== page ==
How large-format scanners are driving new demand for print services.
Scanners, you could argue, are the Rodney Dangerfield of the modern digital print shop. When compared to the shop’s other technologies and tools, they “don’t get no respect.”
But while digital images are typically supplied by the clients these days, there are still those customers that provide you with slides, photos, or other types of original artwork that need to be digitized. And, sometimes, there are clients you wish provided you with original art – rather than delivering poor scans that necessitate a ton of Photoshop work or a return trip to the client for the artwork. Having a scanner in-house can prove to be a time-saving device, allowing you complete control over that process, including any fine-tuning you might need to do.
In addition, having in-house scanning capabilities can do more than simply fix problems. Print service providers can also tap scanners – particularly large-format scanners – as a well of service opportunities in archiving and printing. As you’ll see in the examples that follow, shops are converting old documents, murals, posters, and paintings for a new life in print, and introducing their client artists to new ways to market their originals.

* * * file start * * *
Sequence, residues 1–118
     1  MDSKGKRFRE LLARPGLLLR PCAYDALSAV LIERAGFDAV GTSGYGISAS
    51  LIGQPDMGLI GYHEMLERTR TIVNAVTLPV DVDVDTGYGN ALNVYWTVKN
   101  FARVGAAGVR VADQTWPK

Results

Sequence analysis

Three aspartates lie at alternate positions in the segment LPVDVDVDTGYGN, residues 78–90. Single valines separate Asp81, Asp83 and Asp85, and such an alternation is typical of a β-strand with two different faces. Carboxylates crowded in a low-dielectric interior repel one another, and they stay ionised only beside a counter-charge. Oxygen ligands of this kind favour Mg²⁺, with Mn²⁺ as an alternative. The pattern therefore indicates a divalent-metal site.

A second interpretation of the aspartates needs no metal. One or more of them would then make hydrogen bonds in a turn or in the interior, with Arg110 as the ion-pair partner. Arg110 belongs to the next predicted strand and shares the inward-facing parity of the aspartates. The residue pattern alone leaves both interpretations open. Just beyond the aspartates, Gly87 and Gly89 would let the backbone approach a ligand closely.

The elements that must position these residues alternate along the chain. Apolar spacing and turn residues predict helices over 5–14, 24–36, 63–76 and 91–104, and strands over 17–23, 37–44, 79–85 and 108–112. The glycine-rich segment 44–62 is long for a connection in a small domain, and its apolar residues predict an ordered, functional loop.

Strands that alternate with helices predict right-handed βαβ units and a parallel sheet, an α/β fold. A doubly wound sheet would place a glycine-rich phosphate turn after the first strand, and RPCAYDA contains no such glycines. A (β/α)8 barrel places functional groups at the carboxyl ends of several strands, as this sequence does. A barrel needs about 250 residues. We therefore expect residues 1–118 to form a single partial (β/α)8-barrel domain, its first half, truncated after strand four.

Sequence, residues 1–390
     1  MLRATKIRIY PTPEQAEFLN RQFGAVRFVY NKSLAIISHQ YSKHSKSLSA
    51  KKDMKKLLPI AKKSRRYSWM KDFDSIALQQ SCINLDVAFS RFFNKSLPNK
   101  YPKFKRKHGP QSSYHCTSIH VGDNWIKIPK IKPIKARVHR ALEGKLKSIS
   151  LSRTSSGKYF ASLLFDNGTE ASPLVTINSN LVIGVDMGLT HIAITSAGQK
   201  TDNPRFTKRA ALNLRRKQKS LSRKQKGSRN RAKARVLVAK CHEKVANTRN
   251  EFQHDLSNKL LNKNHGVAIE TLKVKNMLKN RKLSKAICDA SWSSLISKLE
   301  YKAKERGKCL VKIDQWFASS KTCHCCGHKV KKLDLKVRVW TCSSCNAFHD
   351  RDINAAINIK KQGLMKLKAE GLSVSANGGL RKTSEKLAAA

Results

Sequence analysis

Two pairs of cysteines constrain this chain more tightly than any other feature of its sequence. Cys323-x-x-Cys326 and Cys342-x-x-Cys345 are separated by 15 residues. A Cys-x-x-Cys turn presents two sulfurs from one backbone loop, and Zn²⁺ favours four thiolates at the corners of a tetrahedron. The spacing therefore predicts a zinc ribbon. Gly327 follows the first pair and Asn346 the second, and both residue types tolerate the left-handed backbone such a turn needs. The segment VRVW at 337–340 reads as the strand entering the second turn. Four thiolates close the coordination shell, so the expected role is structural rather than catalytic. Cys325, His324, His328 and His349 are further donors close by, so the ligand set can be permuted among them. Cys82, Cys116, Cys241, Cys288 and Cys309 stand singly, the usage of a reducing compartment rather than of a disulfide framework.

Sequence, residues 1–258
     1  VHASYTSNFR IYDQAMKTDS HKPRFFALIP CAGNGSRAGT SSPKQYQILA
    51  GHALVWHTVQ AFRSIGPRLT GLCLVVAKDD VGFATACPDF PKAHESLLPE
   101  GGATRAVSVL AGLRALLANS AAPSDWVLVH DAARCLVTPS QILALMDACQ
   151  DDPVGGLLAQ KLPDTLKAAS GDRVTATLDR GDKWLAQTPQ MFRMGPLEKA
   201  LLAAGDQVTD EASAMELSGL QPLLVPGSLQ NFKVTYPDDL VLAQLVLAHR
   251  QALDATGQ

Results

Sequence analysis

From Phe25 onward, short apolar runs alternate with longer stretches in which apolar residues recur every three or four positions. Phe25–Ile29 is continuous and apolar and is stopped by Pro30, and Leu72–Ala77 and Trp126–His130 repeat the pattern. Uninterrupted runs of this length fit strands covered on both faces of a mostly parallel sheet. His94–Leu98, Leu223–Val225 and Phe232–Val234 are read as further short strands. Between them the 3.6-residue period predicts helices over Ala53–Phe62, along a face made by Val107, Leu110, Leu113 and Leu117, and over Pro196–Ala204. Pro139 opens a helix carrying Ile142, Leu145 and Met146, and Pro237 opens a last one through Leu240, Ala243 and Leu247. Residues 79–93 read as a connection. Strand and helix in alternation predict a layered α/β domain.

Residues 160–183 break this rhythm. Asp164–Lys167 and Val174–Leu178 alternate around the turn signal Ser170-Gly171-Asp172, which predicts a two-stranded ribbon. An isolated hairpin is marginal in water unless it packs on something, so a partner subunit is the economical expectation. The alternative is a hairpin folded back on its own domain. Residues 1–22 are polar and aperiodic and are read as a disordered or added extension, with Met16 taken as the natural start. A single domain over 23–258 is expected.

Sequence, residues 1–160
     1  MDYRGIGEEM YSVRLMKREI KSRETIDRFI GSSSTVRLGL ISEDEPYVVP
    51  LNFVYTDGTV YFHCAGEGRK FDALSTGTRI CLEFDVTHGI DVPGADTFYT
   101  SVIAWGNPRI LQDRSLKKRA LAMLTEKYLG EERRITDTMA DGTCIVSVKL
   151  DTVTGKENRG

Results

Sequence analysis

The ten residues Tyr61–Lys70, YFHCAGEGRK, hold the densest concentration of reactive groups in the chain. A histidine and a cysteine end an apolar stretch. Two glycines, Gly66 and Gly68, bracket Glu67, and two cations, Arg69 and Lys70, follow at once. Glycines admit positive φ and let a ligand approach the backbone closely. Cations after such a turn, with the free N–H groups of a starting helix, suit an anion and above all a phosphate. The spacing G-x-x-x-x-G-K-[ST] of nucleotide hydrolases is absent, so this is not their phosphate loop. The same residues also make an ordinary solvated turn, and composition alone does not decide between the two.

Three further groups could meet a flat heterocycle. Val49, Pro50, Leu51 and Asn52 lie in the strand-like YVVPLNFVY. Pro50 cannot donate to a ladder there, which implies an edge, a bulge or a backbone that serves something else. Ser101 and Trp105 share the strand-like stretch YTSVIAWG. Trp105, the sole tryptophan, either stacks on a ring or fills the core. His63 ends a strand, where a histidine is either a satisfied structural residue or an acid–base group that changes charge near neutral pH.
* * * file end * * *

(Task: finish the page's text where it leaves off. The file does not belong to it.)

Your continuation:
But it all begins with the scanner.
An improvisational solution
Like many specialists in wide format, Awesome Graphics (awesomegraphics.com) first offered scanning services as a way to seed business for its varied output services.
“Our goal is to make it as easy as possible for our customers to order prints,” says Mike Napolitano, owner and co-founder with wife Tami of the Rutland, Vermont-based company. “Scanning their art opens up a whole bunch of opportunities for us to do printing.”
In the early days of the 18-year-old company, that “art” included photographic prints, slides, and negatives. Digital photo restoration and reprinting developed as a profitable sideline for this specialist in wide format, via a LaserMaster printer.
“We’ve always offered some scanning services. I always liked the quality you could get from a 35mm slide or 4 x 5 transparency with a film scanner,” he says.
As area artists saw what the company could do with photo reprints and enlargements, they wondered if Awesome Graphics could help them, too. “A couple of local artists asked if we could reproduce their art,” recalls Napolitano. Some had slides or transparencies of their paintings, but Napolitano realized many more did not.
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